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When I started using interactive notebooks many years ago, my students would take 20 minutes just cutting. Not only does this look horrible if anyone is observing your classroom, but you’re wasting instructional time. The amount of time your students spend cutting and pasting should be 1% of the time they are using this notebook to practice or apply. The first part of this procedure is to have supplies ready. I keep the scissors in a bin in the middle of the desks. My students have 60 seconds to have supplies out and pages open and labeled. We use post-it notes to mark the next page in the notebook, so that students can open to that page quickly. I’ve seen some great ideas on Pinterest for adding ribbons as bookmarks! You can also download a free bookmark from my store:
The second step of this procedure is the cutting. If you have younger students, you will have to set more time aside for this step, or you may want a parent volunteer to pre-cut some of the pieces. With my 4th-7th grade students, I set a timer for 5 minutes. I prefer to use a digital timer that I can project onto the board so that students can see how much time they have left. Students who are done early know that the next step is to help someone at their group finish cutting. Here’s an example of what this looks like: Student A finishes in two minutes. Partner B is still working, so he tears off part of the page he is working on and Student A cuts the pieces from that part of the page. Make it clear that students that aren’t finished when the timer goes off need to set their scissors aside and follow the lesson until there is a break for them to finish cutting their pieces. I have these students come in during lunch to finish, so it’s rare that I have any students who aren’t finished when the timer goes off. If you have a student with special needs, assign them a partner or provide them with pre-cut pieces.
What do you do with all the trash? I have two medium shipping boxes that my helpers take around the class to pick up all of the pieces. They empty the shipping boxes into my large recycle bin, which I take out once a week. These helpers also look for scraps on the floor that need to be picked up.
My class can have everything cut out and a clean working area in less than 6 minutes because I consistently remind them of our procedures. Yours can too!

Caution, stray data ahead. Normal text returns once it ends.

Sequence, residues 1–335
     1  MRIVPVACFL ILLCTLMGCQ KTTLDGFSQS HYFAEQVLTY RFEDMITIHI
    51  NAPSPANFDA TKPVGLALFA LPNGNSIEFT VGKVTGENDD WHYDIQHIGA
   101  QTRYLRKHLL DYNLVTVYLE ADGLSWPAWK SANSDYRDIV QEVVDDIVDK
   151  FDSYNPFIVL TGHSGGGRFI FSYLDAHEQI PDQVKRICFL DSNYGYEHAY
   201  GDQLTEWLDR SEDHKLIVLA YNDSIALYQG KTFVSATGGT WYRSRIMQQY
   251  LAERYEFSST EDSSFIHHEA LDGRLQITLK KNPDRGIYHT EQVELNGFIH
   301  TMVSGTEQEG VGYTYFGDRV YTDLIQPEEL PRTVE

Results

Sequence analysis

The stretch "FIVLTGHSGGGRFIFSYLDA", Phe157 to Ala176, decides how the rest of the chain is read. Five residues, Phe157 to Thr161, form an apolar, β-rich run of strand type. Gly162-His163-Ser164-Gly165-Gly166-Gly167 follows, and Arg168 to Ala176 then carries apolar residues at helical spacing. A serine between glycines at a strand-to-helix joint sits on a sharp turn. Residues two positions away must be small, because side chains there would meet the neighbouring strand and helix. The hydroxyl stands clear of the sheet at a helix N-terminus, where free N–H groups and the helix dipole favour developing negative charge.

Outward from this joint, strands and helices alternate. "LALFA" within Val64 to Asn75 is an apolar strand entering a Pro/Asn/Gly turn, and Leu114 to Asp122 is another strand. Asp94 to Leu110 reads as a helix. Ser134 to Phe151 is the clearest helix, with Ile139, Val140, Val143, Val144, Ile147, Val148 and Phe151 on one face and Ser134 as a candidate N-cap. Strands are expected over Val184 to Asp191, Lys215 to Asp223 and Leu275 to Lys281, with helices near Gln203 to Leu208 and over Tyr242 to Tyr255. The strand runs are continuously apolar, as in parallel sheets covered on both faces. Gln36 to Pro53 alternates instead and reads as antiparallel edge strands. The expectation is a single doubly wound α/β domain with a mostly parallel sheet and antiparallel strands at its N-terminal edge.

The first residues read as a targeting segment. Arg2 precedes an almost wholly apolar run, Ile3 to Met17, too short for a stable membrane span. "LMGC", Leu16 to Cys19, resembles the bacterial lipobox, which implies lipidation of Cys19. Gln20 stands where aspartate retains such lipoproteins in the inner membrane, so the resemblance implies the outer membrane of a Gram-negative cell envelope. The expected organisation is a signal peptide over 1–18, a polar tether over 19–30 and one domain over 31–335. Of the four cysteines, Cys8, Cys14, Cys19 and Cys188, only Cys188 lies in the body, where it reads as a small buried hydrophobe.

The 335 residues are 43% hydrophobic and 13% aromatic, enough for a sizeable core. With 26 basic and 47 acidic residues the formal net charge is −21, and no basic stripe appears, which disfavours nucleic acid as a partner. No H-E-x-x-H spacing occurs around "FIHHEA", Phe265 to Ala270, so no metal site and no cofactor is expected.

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Procedure 3: Glue Use
With proper procedures, you will very rarely have a mess to clean up after notebooking. If you want these pages to stay put all year, you must have your students use liquid glue. It’s a necessary evil. An important procedure to teach is how much glue to use. I tell my students to follow the “5 dot rule”. They put four total dots of glue close to the outer edges to form a rectangle, and one dot of glue in the middle. I very dramatically demonstrate the difference between a dot and a glob the first day of school. Once everything is glued in, I have them leave the pages open to dry on the corner of their desks, just in case there is some stray glue. The last thing you want is to have two pages glued together!
Procedure 4: Absent Students
The toughest part of notebooking is dealing with absent students. I have a station in my classroom dedicated to getting absent students caught up because it is such a huge problem at our school. When a student is absent, the following morning they go to this table and check the calendar for the work they have missed. I keep a calendar of daily assignments and homework for my own records, and we use this for absent students as well. If they see “Notebooking” on the calendar, it will have a standard number next to it. I keep a binder with several copies of each printable, organized by standard, as well as copies of my own notebook page so that they know what to do. They know to take a copy of everything they’ve missed, and stay in during lunch to finish it. It’s also possible for them to take it home if lunch time doesn’t work for you. Absent students are required to have an extra notebook check 24 hours after they return to school. I keep a list of absent students on my calendar that I check daily, and I highlight their names once I’ve seen their completed work. Keep yourself organized and it will be easy to ensure that absent students don’t miss important notes!
Procedure 5: Using Interactive Notebooks
This procedure is key for the success of interactive notebooks in your classroom. Your students will learn a lot while they’re putting their notebooks together, but they’ll learn even more when they refer back to their notebooks daily for information. I love interactive notebooks because my students can use them as a reference to show them anything from step-by-step how to do a math problem, or a model of how to do a summary of their reading. That means less work for me AND more in-depth learning for them!
Before we do group work or independent practice, I tell my students which section their notebook should be open to for reference. Throughout the year, we play the Table of Contents Race, where I show them a problem or question, and they race to find the notes they need to complete/answer the question. If we’re reviewing for a unit test, I teach the students that they have to show an effort to find the notes in their notebook before I will help them locate the correct information.
If a student raises their hand and tells me they can’t find the information they need, I rarely tell them where it is. I ask them guiding questions until they find it themselves. It may take a little longer than just telling them a page number, but it will save you time in the long run because you are giving them the skills to find it by themselves.
Model using your own notebook from time to time, and always praise students who use theirs correctly!
How do you use interactive notebooks in your classroom?